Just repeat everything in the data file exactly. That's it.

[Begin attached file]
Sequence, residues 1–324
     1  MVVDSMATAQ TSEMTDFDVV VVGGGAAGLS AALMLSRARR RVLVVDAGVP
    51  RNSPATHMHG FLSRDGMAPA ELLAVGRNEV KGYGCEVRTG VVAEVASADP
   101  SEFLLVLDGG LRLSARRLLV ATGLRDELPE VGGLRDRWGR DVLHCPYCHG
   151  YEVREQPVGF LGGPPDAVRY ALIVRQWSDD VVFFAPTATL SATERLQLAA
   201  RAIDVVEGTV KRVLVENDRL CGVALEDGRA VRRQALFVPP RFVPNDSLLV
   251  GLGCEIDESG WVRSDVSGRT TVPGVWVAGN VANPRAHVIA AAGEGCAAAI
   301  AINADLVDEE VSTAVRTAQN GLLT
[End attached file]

Sequence, residues 1–324
     1  MVVDSMATAQ TSEMTDFDVV VVGGGAAGLS AALMLSRARR RVLVVDAGVP
    51  RNSPATHMHG FLSRDGMAPA ELLAVGRNEV KGYGCEVRTG VVAEVASADP
   101  SEFLLVLDGG LRLSARRLLV ATGLRDELPE VGGLRDRWGR DVLHCPYCHG
   151  YEVREQPVGF LGGPPDAVRY ALIVRQWSDD VVFFAPTATL SATERLQLAA
   201  RAIDVVEGTV KRVLVENDRL CGVALEDGRA VRRQALFVPP RFVPNDSLLV
   251  GLGCEIDESG WVRSDVSGRT TVPGVWVAGN VANPRAHVIA AAGEGCAAAI
   301  AINADLVDEE VSTAVRTAQN GLLT